Sizing Your Retail Data Warehouse
by Dan Ross
Originally published January 19, 2006
In this month’s article, we examine a difficult question regarding data warehousing: How much data is enough data for your data warehouse? For the business intelligence practitioner, there are many sources of information concerning best practices for data warehousing. Despite this, remarkably few of them provide any advice on how much (and which) data should be stored online in the data warehouse. In our business, the common understanding seems to be “more is better.”
For numerous reasons, however, a “more is better” approach may not be feasible. Cost is a driving reason in most cases. Not all retailers have an IT budget that can support the kind of systems required to store and process multiple years of detailed sales and inventory information. A corollary could be that the expected return on the costs required to effectively handle storage and then to access data is insufficient, regardless of the affordability factor. In contrast, today’s retailers must create and use detailed sales and inventory analyses as a competitive edge by best-in-class organizations. These retailers must also squeeze efficiencies out of their business through using information to compete.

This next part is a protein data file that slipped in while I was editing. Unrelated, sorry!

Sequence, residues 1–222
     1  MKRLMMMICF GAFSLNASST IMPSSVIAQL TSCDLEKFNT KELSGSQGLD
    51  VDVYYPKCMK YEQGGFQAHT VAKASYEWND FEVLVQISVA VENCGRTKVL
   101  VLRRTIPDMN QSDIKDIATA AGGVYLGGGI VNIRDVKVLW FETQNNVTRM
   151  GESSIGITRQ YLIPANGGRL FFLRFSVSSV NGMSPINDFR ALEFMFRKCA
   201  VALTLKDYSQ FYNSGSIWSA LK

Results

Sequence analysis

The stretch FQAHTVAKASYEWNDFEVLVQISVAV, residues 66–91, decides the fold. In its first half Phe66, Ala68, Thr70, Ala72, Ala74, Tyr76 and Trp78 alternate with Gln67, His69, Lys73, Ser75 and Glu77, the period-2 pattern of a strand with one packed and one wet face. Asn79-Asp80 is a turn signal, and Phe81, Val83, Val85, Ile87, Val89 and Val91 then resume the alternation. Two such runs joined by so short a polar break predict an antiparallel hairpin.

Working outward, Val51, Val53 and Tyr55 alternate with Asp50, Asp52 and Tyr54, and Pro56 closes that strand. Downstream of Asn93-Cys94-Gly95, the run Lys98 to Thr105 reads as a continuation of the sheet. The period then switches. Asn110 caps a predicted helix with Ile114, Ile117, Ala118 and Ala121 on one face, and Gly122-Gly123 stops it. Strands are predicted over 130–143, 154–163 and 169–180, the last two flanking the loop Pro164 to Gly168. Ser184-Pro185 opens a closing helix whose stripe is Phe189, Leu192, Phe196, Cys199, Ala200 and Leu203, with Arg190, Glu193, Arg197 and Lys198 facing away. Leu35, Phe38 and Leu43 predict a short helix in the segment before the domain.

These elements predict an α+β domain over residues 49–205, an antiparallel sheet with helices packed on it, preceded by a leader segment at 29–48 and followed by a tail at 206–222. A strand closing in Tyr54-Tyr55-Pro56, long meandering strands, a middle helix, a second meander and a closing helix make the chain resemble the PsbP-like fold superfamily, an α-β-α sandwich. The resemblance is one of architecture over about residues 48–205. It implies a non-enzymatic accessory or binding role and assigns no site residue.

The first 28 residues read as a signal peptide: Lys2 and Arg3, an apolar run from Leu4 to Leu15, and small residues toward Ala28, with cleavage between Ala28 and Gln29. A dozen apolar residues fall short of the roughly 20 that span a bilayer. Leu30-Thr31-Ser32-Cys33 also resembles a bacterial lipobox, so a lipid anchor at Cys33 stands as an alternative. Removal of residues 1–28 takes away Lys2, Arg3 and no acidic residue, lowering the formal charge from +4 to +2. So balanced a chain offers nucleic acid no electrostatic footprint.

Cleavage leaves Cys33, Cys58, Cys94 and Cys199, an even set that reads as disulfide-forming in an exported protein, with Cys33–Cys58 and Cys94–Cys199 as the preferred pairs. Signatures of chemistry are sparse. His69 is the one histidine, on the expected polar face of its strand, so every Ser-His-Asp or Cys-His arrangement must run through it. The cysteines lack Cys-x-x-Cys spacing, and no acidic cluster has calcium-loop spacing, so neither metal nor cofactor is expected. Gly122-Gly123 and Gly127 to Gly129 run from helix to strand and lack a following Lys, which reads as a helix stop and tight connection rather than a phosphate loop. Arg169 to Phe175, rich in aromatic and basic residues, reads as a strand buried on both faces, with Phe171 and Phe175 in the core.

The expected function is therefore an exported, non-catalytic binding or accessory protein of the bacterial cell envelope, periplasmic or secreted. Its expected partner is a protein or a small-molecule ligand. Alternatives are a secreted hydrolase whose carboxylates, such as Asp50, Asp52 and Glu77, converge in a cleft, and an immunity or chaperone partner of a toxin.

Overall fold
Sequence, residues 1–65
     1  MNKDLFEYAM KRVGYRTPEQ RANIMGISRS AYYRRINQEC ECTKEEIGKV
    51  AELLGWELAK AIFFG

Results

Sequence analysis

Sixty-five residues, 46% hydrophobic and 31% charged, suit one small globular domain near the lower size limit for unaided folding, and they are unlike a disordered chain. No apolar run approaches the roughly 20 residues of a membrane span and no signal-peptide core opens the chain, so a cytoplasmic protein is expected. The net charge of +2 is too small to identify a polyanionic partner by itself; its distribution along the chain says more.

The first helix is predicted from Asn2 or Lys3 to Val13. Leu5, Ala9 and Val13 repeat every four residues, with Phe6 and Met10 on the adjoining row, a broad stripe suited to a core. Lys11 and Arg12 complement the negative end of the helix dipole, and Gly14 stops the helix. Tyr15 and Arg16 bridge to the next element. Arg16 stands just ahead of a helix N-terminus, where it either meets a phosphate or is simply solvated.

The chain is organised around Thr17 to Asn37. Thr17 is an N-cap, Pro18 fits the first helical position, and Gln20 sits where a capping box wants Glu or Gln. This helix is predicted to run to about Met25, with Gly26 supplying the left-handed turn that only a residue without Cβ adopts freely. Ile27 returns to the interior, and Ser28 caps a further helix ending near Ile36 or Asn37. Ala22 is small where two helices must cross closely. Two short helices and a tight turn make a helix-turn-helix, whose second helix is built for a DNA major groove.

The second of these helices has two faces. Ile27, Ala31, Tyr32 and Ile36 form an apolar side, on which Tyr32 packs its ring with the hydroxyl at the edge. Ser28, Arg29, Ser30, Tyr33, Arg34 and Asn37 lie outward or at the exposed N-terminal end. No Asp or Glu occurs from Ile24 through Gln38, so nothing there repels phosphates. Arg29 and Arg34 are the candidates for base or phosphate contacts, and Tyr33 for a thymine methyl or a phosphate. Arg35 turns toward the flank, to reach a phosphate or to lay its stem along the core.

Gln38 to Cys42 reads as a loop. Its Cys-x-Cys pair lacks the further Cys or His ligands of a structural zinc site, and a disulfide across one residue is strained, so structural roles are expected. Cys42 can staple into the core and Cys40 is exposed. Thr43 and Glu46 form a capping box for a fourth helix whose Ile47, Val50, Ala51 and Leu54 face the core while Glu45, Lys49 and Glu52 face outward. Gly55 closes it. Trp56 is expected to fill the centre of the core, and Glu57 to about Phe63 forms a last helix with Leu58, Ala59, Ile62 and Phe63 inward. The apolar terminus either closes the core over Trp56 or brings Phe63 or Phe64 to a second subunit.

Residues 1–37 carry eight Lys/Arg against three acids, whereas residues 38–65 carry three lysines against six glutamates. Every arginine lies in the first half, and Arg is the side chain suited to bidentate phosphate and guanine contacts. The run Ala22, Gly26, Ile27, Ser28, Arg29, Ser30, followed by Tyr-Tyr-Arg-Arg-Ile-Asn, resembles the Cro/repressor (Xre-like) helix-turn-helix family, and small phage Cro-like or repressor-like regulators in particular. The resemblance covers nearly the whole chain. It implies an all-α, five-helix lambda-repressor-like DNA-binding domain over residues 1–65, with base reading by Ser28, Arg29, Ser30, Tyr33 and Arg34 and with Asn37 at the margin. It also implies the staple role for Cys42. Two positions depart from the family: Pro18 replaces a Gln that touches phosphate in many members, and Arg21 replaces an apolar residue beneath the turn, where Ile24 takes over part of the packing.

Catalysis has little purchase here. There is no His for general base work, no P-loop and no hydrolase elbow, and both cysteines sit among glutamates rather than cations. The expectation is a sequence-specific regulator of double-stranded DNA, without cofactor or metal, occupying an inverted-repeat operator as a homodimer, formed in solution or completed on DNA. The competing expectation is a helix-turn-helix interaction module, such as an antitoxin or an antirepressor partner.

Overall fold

Assuming that most retailers are not in a position to have everything, we should discuss how to make difficult, yet sensible decisions about ways to optimize the amount of data stored in the data warehouse. This must be done to strike a balance between cost/maintainability and delivering effective business value. Simply put, we need a framework in which an enterprise can categorize data with its planned or possible usage. This framework must define what to load into the data warehouse.